What did CES actually accomplish for you?
Most of the dust has settled, most of the hangovers are over, most of the pain in your legs, and other more sensitive parts of your body has abated, and most of your money is gone—one hell of a party, no?
We love it, can’t get enough of it
Now you’ve seen all the bright and sparkling lights, heard the too loud music, listened to and/or given pitches, made promises, given out and lost business cards, and longed for the chance to stand in the TSA line and go home.
When you’re home, and your ears finally stop ringing, or at least ring a little less, you start to write your trip report, and the fiction-rich expense report, some of the best creative writing in corporatedom—amazing how much those clients you took out ate and drank—they were clients weren’t they?
In a few days, it will be time to follow up. To see if any of the promises made to you, and by you, are going to come true. And slowly, over a few weeks, maybe a month or so, you’re going to come to the realization that maybe the ROI you thought CES would give you just isn’t there. Hard to measure ROI in terms of insults to your body and brain, but what the heck, it’s all good right, it’s all for the company, and raising the share price on your options.
And so, when the CEA reps come by with their charts and proof points, you gladly sign up and try to move your position up a little so you’ll get better visibility next year. Keep in mind however, just like stock brokers who make money on every transaction regardless of whether you do or not, CEA makes money, and a lot of it, on every show regardless of whether you do or not. It’s a service.
And what did you get for that service? How do you measure it? PR impressions? The number of tweets that are forgotten almost before they are posted or read? How in a crowd of 4,000 other screaming companies can you be heard? How can you possibly match the spend the bigger companies make on advertisements, booth size, collateral, parties, and tchotchkes?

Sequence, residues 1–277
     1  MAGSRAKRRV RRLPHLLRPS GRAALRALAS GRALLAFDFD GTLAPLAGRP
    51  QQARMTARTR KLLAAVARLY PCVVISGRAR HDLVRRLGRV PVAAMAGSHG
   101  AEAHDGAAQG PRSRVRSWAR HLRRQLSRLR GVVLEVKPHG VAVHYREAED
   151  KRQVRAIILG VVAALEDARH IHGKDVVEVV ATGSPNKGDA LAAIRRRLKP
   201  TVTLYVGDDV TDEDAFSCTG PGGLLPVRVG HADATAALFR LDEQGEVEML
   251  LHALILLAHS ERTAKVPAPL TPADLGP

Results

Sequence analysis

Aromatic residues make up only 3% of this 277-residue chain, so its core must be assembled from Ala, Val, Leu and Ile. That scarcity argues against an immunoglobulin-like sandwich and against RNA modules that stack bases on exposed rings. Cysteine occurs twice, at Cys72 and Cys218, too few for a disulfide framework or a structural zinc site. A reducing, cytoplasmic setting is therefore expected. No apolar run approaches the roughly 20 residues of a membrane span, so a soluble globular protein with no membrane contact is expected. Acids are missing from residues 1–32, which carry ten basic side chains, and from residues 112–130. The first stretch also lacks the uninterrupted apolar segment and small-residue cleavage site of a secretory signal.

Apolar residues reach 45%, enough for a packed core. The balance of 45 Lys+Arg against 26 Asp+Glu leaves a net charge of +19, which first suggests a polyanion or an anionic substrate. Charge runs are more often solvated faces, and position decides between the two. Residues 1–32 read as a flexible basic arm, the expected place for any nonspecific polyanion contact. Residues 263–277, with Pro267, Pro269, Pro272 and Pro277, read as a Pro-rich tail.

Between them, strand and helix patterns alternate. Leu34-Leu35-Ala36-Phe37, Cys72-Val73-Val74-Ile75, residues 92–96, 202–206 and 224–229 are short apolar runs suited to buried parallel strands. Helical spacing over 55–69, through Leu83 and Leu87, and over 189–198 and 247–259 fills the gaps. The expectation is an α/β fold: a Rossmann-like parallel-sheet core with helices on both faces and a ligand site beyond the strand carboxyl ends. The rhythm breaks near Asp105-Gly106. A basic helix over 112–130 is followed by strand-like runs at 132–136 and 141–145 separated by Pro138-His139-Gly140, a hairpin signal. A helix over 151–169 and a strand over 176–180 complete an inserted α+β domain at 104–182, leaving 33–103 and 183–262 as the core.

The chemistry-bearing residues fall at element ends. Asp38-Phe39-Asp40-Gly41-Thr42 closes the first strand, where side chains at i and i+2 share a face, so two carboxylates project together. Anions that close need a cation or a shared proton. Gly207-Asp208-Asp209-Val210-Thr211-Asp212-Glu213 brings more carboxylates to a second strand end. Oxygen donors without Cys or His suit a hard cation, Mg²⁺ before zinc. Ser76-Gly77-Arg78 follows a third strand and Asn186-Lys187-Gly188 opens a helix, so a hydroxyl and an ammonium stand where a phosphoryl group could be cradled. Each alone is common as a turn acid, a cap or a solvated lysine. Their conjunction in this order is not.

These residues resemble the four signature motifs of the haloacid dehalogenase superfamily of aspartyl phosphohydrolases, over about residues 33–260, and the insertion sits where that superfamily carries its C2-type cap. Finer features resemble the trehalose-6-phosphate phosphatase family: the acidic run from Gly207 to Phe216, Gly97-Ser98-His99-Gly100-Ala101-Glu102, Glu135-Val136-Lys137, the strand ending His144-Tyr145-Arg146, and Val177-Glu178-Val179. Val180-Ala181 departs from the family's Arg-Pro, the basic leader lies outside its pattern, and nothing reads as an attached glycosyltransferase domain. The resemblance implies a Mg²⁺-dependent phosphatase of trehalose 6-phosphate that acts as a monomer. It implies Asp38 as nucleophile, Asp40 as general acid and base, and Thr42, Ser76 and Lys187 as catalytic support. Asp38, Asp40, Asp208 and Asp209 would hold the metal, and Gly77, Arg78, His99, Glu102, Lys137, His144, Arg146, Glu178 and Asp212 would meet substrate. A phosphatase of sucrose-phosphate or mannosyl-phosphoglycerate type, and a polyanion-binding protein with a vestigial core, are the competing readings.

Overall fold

But it’s not about that, right? No, it’s about being able to see all your customers at one time and one place, a gathering of the tribes at the watering hole for mutually beneficial discussions that are done so much better in an overpriced hotel suite in Las Vegas than they would be in either your office or the office of your customer. Ah-huh.
And yet, one of the most successful consumer marketing companies in the world, doesn’t participate. How can that company survive with their silly glass houses in most major cities? And that on-line book selling company, how could they not go and stay in business? Hard to understand what’s wrong with those firms and a few others that didn’t dump a couple of million at the annual county faire. Don’t they understand what a loss of face it is to not been seen at the carnival? I mean, what will people think, what will they say, imagine the tweets.
And people will talk. Last year over 7,500 media went to CES, more than the number of exhibitors, and a little over 4% of the total attendees. They had their cameras, microphones, laptops, tablets, and smartphones snapping, tapping, and flapping every hour they were awake, and they were awake a lot. With that many reporters, recorders, and repeaters, every exhibitor would get at least 2.14 media hits (ratio of media to exhibitors).
In addition to CES proper there were the side shows by Pepcom, CES Unveiled, Showstoppers, the Adult Entertainment Expo, and the companies holding their own events in the hotels. Multiple opportunities to catch the media’s eyes, ears, and mouth—feed the press and they’ll follow you anywhere, but you wouldn’t want to take them home.
So the ROI of CES is media impressions and meetings—things you can only do, or do best at a carnival for a lot of money and physical abuse. I get it. But I’d rather be CEA than an exhibitor or an attendee.